December 23, 2013 12:00 PM

Newtown: One Year Later

On a snowy evening last December, Mark Barden drove his daughter Natalie, 12, to her piano lesson. In the back seat of the minivan, her cheerful little brother Daniel sang Christmas carols all the way. When Barden parked the car, he says, “Daniel climbed in my lap and kissed me.” Three months later Barden found himself again driving Natalie to her lesson – but this time his sweet, gap-toothed 7-year-old boy was there only in spirit. Again it started to snow. “For a fleeting moment,” Barden says, “I was transported back to that magical night.”

In the year since the unthinkable happened on Dec. 14 at Sandy Hook Elementary School in Newtown, Conn., when 6 adults and 20 children, Daniel among them, were slain by 20-year-old gunman Adam Lanza, that is all the Bardens have: the moments, the intimate memories of their lost child. There’s Daniel, running to the bus stop, being cheered on at his swim meet or building sand castles on the beach. The Newtown families are fighting, Barden says, “the deepest, most profound grief. It’s as raw as it was last December. I still find myself in a position where I’m trying to comprehend it. We all are.”

Although there is “no way around the pain,” he says, Mark, 49, a musician-composer, and his wife, Jackie, 47, have spent the last year – like the other parents of Newtown – working through it. As their memories of Daniel help them to heal, so, too, does the kindness of friends, relatives, even strangers. The two state troopers, Dennis Keane and Tamia Tucker, assigned to them immediately after the shooting, have become close, “like family,” says Barden. “Little did I know when I met them that this would become a lifelong friendship.”

For the sake of Daniel’s surviving siblings Natalie and James, 13, Mark and Jackie have tried to stick to a routine. “We make a conscientious effort to make family life as normal as we can,” says Jackie. “We’re trying to stay strong, but the kids bring us joy, as well.” But the firsts without Daniel were hard. “On the first day of school, we put James and Natalie on the bus,” says Mark. “And then we came back to a quiet house. We weren’t prepared for that.”

Mark and Jackie have learned that even small changes in routine can fill that emptiness. Where he used to make breakfast together with his son every morning, now he takes a walk with Jackie. They’ll stop in the nearby Sandy Hook Diner or do “anything else but sit in that awesome quiet.”

So rather than celebrate Thanksgiving at their four-bedroom colonial with their large extended family, as they have in the past, playing board games and taking long walks, “we decided to do something different” this year, says Jackie. They ate and slept at her sister’s home in a nearby town, ditching the turkey for steaks on the grill. But Mark admits that when he saw Daniel’s cousins running around playing, “I had to go off into another room,” he says, “and cry.”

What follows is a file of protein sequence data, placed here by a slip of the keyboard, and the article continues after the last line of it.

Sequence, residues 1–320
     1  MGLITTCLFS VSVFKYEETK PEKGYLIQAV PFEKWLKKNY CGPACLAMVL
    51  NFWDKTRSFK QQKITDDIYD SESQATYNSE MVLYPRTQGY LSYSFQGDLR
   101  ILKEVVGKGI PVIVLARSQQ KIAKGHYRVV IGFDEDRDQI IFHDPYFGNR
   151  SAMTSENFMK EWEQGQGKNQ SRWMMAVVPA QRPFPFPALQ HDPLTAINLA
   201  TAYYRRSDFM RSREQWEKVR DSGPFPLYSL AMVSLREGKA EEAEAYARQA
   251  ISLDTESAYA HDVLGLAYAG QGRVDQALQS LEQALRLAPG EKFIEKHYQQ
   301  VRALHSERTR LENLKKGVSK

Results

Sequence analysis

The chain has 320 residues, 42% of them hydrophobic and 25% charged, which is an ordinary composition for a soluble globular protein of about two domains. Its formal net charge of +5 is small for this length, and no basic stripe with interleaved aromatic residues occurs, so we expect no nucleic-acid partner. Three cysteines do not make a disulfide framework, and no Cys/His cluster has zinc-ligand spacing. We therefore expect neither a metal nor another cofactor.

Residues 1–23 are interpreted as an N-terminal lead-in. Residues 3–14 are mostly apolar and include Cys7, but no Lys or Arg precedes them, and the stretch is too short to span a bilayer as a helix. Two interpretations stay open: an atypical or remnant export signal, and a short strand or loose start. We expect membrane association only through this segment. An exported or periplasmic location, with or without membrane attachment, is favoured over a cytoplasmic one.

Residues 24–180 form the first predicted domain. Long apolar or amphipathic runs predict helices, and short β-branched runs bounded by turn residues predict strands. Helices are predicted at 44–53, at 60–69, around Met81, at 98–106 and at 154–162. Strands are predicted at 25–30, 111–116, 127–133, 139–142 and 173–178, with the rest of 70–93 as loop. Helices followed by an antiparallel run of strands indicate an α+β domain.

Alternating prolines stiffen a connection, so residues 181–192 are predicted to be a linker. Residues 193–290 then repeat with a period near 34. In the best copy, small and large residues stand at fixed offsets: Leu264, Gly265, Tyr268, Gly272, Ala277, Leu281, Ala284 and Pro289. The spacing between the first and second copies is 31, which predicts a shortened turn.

The whole family have seen therapists, and all four Bardens have found different ways to cope. Natalie writes “little stories” to Daniel in her journal. For James, who is quieter, there’s soccer and a vast circle of friends that has embraced him. “As close as they were to Daniel, they are functioning in a positive way,” Jackie says of her children. “They have great friends. They love school and are involved in a lot of activities.”

Jackie says she tries to “block out” the tragedy when she can: “You wonder if it’s healthy, but there’s no right way, I guess.” Mark has found his voice as a member of Sandy Hook Promise, the grass-roots organization of families and parents formed in the wake of the shooting that advocates gun safety and better mental health care. “When Mark talks about his son, you can feel the love and the loss of such a special child,” says Sue Hornik, executive director of States United to Prevent Gun Violence. “He has turned that pain into a daunting schedule, speaking to educators, legislators and community leaders to make sure there’s not another Newtown.”

As each day passes, new memories are made. The day after Thanksgiving, 25 loved ones, old friends and new, packed the Barden home. In the kitchen Jackie’s 91-year-old father plays poker, while in the family room the children snuggle on the couch watching The Polar Express. State trooper Dennis Keane, 53, who was with the Bardens when they learned of Daniel’s death, is at the dining table, sipping coffee with the adults. Trooper Tamia Tucker, 28, a former Marine, is down on the floor playing with Natalie and her American Girl dolls. Tucker recalls the Bardens giving her hugs on that horrible day they met. “I told them I would not leave unless they asked me,” she says.

As a sign that less painful days are to come, Jackie Barden looks around the bustling house at all the people who have been there for them. The pain of missing Daniel, her little boy whose personality “lit up a room,” she said, “is indescribable.” But looking at her husband with tears in her eyes, Jackie says simply, “We’re very, very lucky.” Says Mark: “We have so much love and support. If we didn’t have all of them, I don’t know what we’d do.”

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